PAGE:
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Obama: Even more of that "new" Politics
Posted by: McQ on Friday, June 27, 2008

Not that this should surprise any keen observer of politics, but there ain't nothin' new under the sun and Obama is again proving it:
Barack Obama has crafted an image as an unconventional candidate, a change agent and a post-partisan politician who represents a dramatic break from the status quo. But since securing the Democratic presidential nomination, when confronted with a series of thorny issues the Illinois senator has pursued a conspicuously conventional path, one that falls far short of his soaring rhetoric.

Faced with tough choices on fronts ranging from public financing and town hall meetings to warrantless surveillance and the Second Amendment, Obama passed up opportunities to take bold stands and make striking departures from customary politics. Instead, he has followed a familiar tack, straddling controversial issues and choosing politically advantageous routes that will ensure his campaign a cash edge and minimize damaging blowback on several highly sensitive issues.
The run to the center is always typified by this sort of non-stance stances. Whereas he needed to be to the left of Hillary Clinton to win the primaries, he now needs to be even with or slightly to the left of John McCain. Where he really stands on anything, then, is left for others to define.

He's thrown out two vague concepts -"hope" and "change" -to define his candidacy. When it comes to issues, he sways like a reed in the political winds of the general election.

He hopes to let voters define what "hope" and "change" mean to them and then hang that on his candidacy. They define it, he pretends to agree with it by talking in glittering generalities, he gets elected and then the political bill comes due. The voter suddenly discovers they're the victim of the usual political bait-and-switch game and the hope and change they hoped for haven't a chance in the reality of the system presently in place.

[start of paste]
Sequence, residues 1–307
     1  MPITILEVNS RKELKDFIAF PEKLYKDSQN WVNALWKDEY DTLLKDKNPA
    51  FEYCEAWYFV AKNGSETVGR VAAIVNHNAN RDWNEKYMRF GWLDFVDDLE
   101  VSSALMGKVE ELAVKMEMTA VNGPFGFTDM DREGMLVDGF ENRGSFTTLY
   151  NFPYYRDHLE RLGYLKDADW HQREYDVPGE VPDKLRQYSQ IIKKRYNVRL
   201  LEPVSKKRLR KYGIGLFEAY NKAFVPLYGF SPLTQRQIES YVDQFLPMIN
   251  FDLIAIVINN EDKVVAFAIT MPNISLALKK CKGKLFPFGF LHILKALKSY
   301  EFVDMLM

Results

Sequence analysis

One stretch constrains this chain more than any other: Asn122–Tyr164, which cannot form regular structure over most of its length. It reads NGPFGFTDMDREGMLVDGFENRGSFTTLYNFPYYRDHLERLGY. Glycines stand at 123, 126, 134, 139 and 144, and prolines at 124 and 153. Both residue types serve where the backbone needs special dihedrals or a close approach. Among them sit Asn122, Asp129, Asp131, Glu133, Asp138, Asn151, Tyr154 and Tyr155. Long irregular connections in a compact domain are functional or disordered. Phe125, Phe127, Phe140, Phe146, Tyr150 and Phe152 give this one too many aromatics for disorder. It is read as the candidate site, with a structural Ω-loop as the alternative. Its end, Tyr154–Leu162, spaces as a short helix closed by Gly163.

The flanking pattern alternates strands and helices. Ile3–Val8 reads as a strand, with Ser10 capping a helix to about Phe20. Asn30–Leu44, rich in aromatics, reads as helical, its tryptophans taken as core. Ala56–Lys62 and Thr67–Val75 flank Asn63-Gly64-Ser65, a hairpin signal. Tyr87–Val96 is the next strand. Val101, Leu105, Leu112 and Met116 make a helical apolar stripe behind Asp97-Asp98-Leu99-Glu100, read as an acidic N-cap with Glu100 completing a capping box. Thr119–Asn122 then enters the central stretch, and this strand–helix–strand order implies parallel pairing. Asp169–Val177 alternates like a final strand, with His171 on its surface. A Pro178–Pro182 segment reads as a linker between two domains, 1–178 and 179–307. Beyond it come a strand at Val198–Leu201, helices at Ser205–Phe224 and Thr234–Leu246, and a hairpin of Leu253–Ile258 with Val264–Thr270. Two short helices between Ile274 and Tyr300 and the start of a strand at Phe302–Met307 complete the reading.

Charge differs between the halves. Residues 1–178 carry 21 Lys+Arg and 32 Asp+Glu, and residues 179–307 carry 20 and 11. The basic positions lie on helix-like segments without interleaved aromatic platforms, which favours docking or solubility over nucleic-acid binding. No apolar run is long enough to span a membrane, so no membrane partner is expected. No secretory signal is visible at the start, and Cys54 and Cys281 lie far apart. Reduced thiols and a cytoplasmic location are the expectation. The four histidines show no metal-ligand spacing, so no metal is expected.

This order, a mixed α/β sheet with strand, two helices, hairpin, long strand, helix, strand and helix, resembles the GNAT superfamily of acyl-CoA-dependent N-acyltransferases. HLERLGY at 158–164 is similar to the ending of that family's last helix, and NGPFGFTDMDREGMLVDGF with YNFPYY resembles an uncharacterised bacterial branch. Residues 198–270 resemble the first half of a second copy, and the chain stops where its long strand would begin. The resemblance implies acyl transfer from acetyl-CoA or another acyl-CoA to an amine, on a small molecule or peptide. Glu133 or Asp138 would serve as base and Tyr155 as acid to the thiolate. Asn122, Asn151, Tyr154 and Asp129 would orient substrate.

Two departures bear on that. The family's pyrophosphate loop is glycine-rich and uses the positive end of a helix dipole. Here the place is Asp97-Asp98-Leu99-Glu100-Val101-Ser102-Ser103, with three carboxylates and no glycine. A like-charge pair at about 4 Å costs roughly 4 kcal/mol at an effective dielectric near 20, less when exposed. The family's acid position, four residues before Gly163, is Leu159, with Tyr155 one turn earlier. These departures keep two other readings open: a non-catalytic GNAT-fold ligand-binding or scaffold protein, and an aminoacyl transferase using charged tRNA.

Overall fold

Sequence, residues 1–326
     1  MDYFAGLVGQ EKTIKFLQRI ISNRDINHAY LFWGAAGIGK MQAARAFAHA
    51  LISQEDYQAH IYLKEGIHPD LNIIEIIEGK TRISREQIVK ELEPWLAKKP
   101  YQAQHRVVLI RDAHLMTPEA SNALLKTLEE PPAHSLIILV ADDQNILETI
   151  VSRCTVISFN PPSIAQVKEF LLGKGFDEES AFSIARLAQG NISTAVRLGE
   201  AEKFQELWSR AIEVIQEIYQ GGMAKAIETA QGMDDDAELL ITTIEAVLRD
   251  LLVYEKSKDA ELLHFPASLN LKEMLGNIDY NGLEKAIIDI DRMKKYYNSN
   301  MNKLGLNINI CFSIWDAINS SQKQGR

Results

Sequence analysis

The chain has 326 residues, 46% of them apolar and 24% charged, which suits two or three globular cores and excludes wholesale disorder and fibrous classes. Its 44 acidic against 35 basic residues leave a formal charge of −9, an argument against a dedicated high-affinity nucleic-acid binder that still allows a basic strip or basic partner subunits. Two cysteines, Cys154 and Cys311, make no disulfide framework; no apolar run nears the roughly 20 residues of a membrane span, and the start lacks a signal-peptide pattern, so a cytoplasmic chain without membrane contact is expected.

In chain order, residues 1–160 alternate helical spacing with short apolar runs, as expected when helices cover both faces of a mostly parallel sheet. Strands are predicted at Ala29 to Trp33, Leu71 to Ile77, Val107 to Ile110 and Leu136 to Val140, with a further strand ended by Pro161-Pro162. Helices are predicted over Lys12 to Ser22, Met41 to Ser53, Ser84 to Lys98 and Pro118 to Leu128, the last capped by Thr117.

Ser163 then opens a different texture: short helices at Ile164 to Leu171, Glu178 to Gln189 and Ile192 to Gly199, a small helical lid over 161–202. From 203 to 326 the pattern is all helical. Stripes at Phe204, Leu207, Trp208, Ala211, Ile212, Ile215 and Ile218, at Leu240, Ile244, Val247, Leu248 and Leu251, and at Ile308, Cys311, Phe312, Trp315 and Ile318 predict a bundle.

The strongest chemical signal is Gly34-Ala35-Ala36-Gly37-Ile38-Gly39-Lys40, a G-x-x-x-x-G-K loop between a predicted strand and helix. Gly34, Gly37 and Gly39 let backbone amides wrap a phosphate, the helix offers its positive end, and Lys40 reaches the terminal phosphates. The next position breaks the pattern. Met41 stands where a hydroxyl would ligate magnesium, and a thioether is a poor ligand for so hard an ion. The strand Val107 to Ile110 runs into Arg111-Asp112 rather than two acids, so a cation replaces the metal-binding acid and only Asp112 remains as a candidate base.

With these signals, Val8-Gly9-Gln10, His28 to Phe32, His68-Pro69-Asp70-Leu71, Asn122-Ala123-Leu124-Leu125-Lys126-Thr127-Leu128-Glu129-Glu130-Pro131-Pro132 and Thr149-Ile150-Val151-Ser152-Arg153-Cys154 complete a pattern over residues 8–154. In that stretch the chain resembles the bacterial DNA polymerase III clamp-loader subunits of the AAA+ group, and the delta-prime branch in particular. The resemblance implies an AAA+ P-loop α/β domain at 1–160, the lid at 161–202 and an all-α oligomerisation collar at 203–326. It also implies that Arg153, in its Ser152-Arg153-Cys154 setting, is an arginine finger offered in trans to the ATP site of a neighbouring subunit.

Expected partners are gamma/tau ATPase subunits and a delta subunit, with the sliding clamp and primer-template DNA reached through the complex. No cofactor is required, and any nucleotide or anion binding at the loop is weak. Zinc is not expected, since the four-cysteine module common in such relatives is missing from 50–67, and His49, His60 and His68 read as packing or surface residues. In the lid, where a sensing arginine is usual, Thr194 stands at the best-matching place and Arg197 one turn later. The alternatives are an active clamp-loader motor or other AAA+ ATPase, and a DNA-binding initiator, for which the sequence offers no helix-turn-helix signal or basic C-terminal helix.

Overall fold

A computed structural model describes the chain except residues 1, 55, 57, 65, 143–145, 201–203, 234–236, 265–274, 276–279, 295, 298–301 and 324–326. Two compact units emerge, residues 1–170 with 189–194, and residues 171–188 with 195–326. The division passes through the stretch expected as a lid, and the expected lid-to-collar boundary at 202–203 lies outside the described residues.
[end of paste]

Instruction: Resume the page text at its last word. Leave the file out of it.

But by then it is too late, and the ex-Chicago Pol is picking Justices of the Supreme Court.
 
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I think the public in a way want a do-nothing President. Bush took initiative on a few fronts, and the Left and the Media gave us 6 years of a hissy fit.

Both candidates want things that much or most of the public abhors. For example, many don’t want their lifestyles compromised by AGW mythology. They don’t want amnesty.

In light of that, a candidate that look least likely to accomplish his goals may seem more appealing.

The problem then becomes a question of whether Obama is really a do-nothing or has he just been holding back because his real policies would end his political carreer. The Presidency is effectively the end, so he no longer needs to hold back if he has.
 
Written By: jpm100
URL: http://
I think I figured out a way to scare off Obama’s swelling ranks of young supporters:

We must get the word out, and make sure that they all understand, that registering to vote puts your name in the hat for jury duty. I think that would just about do it.
 
Written By: Ronnie Gipper
URL: http://

 
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